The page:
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"Out of the overflow of the heart, the mouth speaks."

Weeping With Those Who Weep March 15, 2010

Filed under: Grab Bag — camcat888 @ 9:57 am
Tags: , , , , , ,

A friend of mine lost her only child today – he was 14.

 Does this break your heart?  It certainly should!  Without knowing his personality or what he looked like, you feel sympathy for the family in their loss.  Even if I told you he was severely handicapped and would always have required their constant care, it doesn’t change the fact that they loved him deeply – not because he was the smartest or handsomest or nicest, but because he was theirs.  This is why all good parents love their children.  Although a child’s achievements may make their parents proud, they don’t increase how much the child is loved by mom and dad.

 It may surprise you to learn that my friend’s son, Samson, was a 14-year old Labrador retriever.  (To all of you who are calculating “dog years” to correct me and to tell yourself he lived a long life, you should understand that a “dog year” is just a proportional computation of a dog’s life expectancy compared to a human’s.  For all intents and purposes, he was 14 years old.)  Right now, please note what emotion you are feeling.  Is it disgust with me for having “tricked” you?  Or is it relief that it was “only a dog?”  If it is anything other than the deep sympathy you felt when you thought it was a human child, you should ask yourself why.  My friend and her husband have no human children, and their other child (dog) passed away only a year ago at age 4.  You need not have or even like dogs for this to impact you.  When a human dies, you don’t grieve for the deceased, but rather the family they left behind.  Perhaps you can’t comprehend how a dog can be so important, but you shouldn’t trouble yourself over that.  To my friend and her husband – whether or not you agree – Samson was their beloved child and they will grieve for quite some time.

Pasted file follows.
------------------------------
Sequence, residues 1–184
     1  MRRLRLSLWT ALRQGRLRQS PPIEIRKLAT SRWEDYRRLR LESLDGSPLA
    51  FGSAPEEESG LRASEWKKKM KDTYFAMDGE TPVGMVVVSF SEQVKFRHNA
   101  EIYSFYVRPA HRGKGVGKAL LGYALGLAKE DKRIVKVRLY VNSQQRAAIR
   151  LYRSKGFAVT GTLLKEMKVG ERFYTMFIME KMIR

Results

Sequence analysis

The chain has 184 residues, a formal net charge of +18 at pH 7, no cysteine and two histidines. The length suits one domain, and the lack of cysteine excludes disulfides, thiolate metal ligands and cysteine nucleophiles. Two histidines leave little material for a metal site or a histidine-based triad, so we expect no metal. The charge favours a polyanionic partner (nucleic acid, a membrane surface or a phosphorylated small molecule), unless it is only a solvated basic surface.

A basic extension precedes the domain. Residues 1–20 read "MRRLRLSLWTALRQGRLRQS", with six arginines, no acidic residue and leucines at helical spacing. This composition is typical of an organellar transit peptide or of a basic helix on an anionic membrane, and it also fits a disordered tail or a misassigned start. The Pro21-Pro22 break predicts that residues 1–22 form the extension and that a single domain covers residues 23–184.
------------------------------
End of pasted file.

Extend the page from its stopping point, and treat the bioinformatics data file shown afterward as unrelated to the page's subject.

While it is true that some families don’t see their pets as their “children,” most of those families have their own human children also.  That’s not to say that you shouldn’t show sympathy to them as well, but it is different when someone has only animals – especially only one animal.  I acknowledge that a dog is not a human being, but it can still mean the world to someone.  I believe society has conditioned pet owners to feel like they can’t really mourn a loss because it was only a dog (or cat, hamster, rabbit, etc.).  You may not ascribe high value to pets, but be sure to show sympathy to those who do.  Instead of focusing on what they lost, focus on how difficult it will be for them to deal with the loss.  And beyond that, imagine what it’s like to have to bottle up that grief so no one thinks you’re “overreacting.”

 When we see others who are sad, it isn’t for us to decide if their tragedy is legitimate.  If another human being has a heavy heart, that should be enough to evoke the deepest sympathy from everyone else.

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One Response to “Weeping With Those Who Weep”

  1. J William Says:

    This was brilliant. Thanks for writing, and being another person who understands what it’s like.


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